UCare names new senior vice president
UCare has hired Edith Dorsey as the nonprofit health plan’s new Senior Vice President of Operations. As a member of UCare’s senior management team, Dorsey will provide strategic guidance and executive leadership for UCare’s operations departments including claims, customer service, and membership billing and enrollment. She has fiscal responsibility for the accurate and timely processing of more than 4.7 million claims annually and related audit and fraud investigation activity. Dorsey also oversees the resolution of UCare member and provider issues.
Dorsey most recently was associate vice president at Trizetto and executive client deployment leader at Eventus Solutions, two Colorado health care consulting companies. She was responsible for deploying initiatives to support integrated health care management and the California Health Benefit Exchange, respectively. She lives in St. Paul.
Two Minnesotans are 2013 Heroes of The Arc
A self-advocate and a parent of a child with disabilities are the 2013 Heroes of The Arc. Charlie Applequist of Rochester and Stewart Shaw of Winona were honored at the annual Heroes Luncheon December 6 in Roseville.
Applequist, who serves as vice-chair of the southeastern Minnesota chapter of Self-Advocates Minnesota,has been a leader in The Arc and other self-advocacy organizations for more than two decades. His many activities on behalf of people with disabilities have included serving as a board member for People First Minnesota since 1991 and serving on the board of The Arc Minnesota, including service as board secretary. The veteran self-advocate frequently speaks at local forums of elected officials and at the capitol. He also frequently gives time to do news media interviews, speaking about the services he and others receive,and the importance of funding support services.
“Speaking up for yourself is so important,” Applequist said. “I know by telling my story, I’m helping others and helping legislators understand the needs of self-advocates and the services we depend on.” Applequist also is an active member of Remembering with Dignity, the statewide organization dedicated to remembering those who died at Minnesota state institutions in the past century aren’t forgotten. The Remembering with Dignity organization works to mark residents’ graves with individual names and not the numbered markers used for decades.
Shaw began his involvement in The Arc when his second son, David, was born with Down syndrome. He and his wife Kay joined the local chapter of The Arc in St. Paul, where they lived at the time.
“I did not anticipate learning anything about people with developmental disabilities or working on their behalf until David was diagnosed,” Shaw said. “Throughout my many experiences with The Arc Minnesota and Home and Community Options, I have enjoyed working with wonderful, caring people. Whatever successes we enjoyed were the results of team effort. I played my role, and other people did as well — with excellence.”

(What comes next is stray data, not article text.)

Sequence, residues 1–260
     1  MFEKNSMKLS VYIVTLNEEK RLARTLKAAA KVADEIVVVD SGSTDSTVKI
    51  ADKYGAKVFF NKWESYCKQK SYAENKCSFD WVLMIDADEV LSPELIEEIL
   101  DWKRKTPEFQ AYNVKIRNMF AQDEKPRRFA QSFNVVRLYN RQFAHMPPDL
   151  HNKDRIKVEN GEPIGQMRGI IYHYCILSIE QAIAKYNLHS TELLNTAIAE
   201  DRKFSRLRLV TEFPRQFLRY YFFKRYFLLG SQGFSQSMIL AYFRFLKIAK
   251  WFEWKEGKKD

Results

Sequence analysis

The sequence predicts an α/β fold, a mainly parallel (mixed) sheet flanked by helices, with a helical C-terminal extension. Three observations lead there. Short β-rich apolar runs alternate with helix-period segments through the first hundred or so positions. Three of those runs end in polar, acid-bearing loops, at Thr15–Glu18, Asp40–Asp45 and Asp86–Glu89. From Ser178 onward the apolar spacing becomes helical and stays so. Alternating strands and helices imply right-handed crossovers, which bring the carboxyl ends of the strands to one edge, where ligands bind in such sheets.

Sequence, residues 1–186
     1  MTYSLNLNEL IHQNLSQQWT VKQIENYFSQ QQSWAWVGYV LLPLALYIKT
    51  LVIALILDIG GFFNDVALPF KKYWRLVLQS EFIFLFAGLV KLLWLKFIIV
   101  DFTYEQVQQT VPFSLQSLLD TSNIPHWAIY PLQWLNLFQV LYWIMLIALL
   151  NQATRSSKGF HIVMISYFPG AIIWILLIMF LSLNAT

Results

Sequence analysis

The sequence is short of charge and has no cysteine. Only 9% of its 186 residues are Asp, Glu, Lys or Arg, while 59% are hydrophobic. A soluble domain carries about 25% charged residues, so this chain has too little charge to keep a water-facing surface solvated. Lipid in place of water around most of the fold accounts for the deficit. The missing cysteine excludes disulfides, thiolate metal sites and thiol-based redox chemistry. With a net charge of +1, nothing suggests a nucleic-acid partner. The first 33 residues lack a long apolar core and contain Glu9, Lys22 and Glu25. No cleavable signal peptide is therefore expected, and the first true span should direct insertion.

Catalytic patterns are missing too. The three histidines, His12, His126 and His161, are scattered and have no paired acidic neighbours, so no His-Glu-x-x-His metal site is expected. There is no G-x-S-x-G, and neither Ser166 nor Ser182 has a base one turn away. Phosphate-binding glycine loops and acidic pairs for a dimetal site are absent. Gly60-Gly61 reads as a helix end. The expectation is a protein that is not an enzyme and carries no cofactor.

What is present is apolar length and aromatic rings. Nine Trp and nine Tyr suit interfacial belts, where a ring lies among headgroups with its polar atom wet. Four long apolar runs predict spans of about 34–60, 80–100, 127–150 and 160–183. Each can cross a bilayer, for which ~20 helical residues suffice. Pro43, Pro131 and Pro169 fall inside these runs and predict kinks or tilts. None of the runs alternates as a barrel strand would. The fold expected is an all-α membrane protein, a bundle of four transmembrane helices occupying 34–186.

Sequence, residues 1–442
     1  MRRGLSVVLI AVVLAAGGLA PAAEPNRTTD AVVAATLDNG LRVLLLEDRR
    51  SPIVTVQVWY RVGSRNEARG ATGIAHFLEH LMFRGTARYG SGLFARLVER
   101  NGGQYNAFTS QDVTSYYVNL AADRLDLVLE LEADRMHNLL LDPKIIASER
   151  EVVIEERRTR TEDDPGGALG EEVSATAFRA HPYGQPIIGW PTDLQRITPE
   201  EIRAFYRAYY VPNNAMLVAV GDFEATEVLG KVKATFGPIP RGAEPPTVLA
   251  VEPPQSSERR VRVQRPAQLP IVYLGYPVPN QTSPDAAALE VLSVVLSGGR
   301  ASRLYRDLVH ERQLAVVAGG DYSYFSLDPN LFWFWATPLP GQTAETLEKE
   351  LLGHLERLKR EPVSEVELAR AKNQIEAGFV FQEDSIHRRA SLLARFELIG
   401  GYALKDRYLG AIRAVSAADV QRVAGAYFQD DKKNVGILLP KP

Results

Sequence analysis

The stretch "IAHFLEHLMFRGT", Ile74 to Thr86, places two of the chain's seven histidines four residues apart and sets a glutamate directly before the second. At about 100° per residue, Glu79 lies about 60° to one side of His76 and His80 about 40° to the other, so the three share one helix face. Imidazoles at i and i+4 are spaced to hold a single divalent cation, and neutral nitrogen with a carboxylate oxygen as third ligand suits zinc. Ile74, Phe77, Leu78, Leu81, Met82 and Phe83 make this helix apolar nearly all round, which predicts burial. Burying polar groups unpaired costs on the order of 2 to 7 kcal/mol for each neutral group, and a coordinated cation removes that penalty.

After his son was born, Shaw began working on projects to improve educational, employment, recreational, and living opportunities for everyone with intellectual and developmental disabilities. He eventually became a leader with The Arc Minnesota and served as its board president. Shaw has an extensive list of activities that have benefited people with developmental disabilities and The Arc. He championed the movement of people with developmental disabilities from the state institutions to life in the community. He also helped start and build The Arc Minnesota’s planned giving program to create a more sustainable future for the agency.
After moving from St. Paul to Winona, he became a dedicated leader for Home and Community Options, Inc., serving as board president and chair of many committees in the agency. Shaw continues his public policy advocacy by meeting with local legislators, writing letters to the editor, and speaking up for proposals that improve the quality of services and raise the wages of staff that support people with disabilities.
Leaders in The Arc praised the heroes. “Charlie has been one of the most dedicated Minnesotans with disabilities that I’ve known who speaks up for the rights and dignity of people with developmental disabilities,” said Buff Hennessey, executive director for The Arc Southeastern Minnesota in Rochester. “His voice has been heard in Rochester, throughout southeastern Minnesota and at the state capitol.”